Drone or Unmanned Aerial Vehicles (UAVs) also referred to as Remotely Piloted Aircrafts (RPAs) are increasingly becoming popular in the United Kingdom. The UK has a system of air navigation laws in place that those who intend to use the drones should follow. The regulations aim at ensuring the safety of individuals around the drones.

Regulations

The aircraft must be kept within a visual line of sight, that is 400 ft vertically and 500m horizontally from the remote pilot. You will need approval from the Civil Aviation Authority (CAA) to fly beyond this distance by proving that you can do it safely.

Seek for permission from the CAA if you need to fly UAVs for surveillance purposes. In this case, there are tighter restrictions in regard to the minimum distance the drones can fly. This covers properties not under the control of the drone operator.

Obtain permission from the CAA if you want to conduct the flights for commercial aerial work.

It is the responsibility of the “remote pilot” to ensure the safe operation of a drone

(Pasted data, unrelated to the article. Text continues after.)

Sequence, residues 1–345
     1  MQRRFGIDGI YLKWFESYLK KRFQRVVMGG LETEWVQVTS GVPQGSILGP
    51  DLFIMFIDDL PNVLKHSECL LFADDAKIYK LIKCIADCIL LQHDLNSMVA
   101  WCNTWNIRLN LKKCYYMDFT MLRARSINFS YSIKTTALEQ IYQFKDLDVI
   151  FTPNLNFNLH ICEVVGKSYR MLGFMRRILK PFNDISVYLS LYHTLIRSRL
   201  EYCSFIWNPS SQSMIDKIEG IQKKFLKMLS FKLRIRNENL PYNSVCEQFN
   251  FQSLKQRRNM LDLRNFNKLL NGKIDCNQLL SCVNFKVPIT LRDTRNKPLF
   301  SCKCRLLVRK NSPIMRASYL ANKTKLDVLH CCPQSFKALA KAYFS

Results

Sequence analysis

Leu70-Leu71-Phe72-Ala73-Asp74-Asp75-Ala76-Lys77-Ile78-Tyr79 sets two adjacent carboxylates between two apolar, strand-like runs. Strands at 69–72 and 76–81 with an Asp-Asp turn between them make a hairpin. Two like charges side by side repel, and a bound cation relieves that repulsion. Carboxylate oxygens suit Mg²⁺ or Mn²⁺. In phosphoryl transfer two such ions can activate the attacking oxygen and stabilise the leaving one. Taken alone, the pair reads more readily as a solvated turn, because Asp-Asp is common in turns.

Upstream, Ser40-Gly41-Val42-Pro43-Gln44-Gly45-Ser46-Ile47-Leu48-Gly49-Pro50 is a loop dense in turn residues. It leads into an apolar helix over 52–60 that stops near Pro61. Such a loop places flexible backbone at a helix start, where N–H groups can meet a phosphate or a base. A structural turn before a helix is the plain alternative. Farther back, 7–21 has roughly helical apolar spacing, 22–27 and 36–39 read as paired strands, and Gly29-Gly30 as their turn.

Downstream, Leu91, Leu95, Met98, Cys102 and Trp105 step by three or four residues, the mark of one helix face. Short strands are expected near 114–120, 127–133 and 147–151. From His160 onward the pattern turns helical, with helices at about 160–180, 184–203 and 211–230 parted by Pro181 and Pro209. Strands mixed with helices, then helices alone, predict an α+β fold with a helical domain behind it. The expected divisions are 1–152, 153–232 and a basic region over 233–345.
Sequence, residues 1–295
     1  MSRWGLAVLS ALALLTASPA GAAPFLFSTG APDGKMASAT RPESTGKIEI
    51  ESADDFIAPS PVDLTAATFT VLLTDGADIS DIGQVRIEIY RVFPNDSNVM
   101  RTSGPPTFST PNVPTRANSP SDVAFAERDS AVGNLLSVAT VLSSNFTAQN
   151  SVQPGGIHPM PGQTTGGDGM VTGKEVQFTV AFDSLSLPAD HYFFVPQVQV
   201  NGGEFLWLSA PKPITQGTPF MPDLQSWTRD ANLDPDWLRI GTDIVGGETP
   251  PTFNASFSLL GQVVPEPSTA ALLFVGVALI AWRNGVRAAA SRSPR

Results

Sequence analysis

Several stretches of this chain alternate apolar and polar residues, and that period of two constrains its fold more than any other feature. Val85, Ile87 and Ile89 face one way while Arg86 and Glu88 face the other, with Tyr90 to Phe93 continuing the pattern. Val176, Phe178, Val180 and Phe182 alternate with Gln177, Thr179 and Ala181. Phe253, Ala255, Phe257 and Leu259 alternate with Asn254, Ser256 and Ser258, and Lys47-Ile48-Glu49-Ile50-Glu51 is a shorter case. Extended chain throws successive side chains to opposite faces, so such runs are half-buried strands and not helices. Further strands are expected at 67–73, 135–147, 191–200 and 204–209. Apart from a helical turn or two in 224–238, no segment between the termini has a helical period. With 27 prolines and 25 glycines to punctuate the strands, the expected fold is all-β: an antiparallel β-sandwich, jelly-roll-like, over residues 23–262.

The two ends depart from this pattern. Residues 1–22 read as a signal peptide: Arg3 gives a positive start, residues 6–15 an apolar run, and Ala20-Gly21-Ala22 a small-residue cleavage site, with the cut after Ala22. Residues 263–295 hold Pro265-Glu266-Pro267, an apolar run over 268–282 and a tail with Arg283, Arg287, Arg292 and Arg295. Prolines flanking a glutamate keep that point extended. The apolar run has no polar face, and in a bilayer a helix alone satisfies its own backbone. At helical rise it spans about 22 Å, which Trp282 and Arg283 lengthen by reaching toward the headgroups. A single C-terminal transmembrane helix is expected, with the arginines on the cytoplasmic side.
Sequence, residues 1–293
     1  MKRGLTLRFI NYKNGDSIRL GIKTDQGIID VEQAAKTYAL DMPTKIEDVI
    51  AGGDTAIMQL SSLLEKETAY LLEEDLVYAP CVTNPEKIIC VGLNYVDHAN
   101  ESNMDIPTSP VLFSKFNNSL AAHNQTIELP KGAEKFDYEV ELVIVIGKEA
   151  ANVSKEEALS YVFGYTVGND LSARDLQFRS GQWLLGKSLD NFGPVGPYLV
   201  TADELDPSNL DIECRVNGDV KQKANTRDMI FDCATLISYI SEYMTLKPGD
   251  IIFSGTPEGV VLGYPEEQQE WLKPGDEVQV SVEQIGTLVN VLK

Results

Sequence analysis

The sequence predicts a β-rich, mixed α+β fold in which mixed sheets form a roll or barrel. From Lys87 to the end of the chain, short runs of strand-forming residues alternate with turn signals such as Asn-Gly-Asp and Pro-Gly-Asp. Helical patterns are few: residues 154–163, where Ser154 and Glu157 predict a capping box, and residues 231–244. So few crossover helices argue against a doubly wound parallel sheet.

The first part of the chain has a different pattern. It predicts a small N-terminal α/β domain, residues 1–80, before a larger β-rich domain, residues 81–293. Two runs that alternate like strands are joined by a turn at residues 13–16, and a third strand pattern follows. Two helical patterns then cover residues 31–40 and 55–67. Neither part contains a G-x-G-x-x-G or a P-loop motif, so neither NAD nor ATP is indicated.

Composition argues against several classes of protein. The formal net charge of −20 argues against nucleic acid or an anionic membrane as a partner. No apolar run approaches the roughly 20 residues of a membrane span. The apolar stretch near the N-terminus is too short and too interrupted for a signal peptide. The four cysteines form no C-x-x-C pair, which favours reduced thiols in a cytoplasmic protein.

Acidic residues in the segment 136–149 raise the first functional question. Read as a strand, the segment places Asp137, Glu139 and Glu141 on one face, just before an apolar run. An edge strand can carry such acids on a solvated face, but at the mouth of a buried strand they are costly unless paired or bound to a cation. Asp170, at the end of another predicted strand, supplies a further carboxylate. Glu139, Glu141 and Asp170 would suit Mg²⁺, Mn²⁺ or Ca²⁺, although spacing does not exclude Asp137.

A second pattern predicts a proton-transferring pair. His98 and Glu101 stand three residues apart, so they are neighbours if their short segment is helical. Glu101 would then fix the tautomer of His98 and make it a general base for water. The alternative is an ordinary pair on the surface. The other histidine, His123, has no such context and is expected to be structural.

Camera-equipped drones must not fly over 150 meters of an area with more than 1,000 people or any congested area.

The aircraft should not fly 50 meters of any structure, vehicle or vessel which is not under the control of the drone operator. Additionally, it should not fly 50 meters of any person during takeoff and landing. It can only fly 30 meters only for the person operating the Unmanned Aerial Vehicle.

Unmanned Aerial vehicles weighing between 20-150kg ought to abide by the Air Navigation Order. The operators also need to obtain a certificate of airworthiness, licensed flight crew and a permit to fly.

If the aircraft weighs more than 20kg there is need for the operators to obtain an insurance. The insurance shall get to cover liability in case of any accident.

Conclusion

There are several requirement to take into consideration if you intend to fly a drone in the United Kingdom. The requirements include the aviation law, data protection law, privacy law, confidentiality and harassment law among other requirements. Since the technology is relatively new, it will not be surprising to see the rules evolving.

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Archmedes is a Features Editor at PC Fuse, where he tests and reviews desktops, laptops, monitors, HDTVs, printers and much more. Besides articles and reviews, he also provides news coverage for all hardware and software related tech news for techguy.